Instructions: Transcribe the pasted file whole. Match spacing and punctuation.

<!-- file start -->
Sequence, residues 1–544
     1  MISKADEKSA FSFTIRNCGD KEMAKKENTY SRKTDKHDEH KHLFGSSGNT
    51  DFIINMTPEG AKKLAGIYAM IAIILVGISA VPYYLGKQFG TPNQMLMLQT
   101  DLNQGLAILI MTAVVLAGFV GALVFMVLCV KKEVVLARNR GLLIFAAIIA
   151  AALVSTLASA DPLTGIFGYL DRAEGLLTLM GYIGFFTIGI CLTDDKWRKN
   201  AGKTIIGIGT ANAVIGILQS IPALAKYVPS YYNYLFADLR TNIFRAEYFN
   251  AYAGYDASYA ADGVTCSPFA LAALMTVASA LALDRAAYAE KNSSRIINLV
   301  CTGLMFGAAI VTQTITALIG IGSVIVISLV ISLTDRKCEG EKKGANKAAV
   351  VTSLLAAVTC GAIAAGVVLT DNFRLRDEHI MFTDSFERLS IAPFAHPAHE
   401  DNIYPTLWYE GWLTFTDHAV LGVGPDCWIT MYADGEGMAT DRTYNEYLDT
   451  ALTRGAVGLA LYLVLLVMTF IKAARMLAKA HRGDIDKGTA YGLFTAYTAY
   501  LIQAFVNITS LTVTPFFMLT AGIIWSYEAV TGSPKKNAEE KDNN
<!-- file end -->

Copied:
Sequence, residues 1–544
     1  MISKADEKSA FSFTIRNCGD KEMAKKENTY SRKTDKHDEH KHLFGSSGNT
    51  DFIINMTPEG AKKLAGIYAM IAIILVGISA VPYYLGKQFG TPNQMLMLQT
   101  DLNQGLAILI MTAVVLAGFV GALVFMVLCV KKEVVLARNR GLLIFAAIIA
   151  AALVSTLASA DPLTGIFGYL DRAEGLLTLM GYIGFFTIGI CLTDDKWRKN
   201  AGKTIIGIGT ANAVIGILQS IPALAKYVPS YYNYLFADLR TNIFRAEYFN
   251  AYAGYDASYA ADGVTCSPFA LAALMTVASA LALDRAAYAE KNSSRIINLV
   301  CTGLMFGAAI VTQTITALIG IGSVIVISLV ISLTDRKCEG EKKGANKAAV
   351  VTSLLAAVTC GAIAAGVVLT DNFRLRDEHI MFTDSFERLS IAPFAHPAHE
   401  DNIYPTLWYE GWLTFTDHAV LGVGPDCWIT MYADGEGMAT DRTYNEYLDT
   451  ALTRGAVGLA LYLVLLVMTF IKAARMLAKA HRGDIDKGTA YGLFTAYTAY
   501  LIQAFVNITS LTVTPFFMLT AGIIWSYEAV TGSPKKNAEE KDNN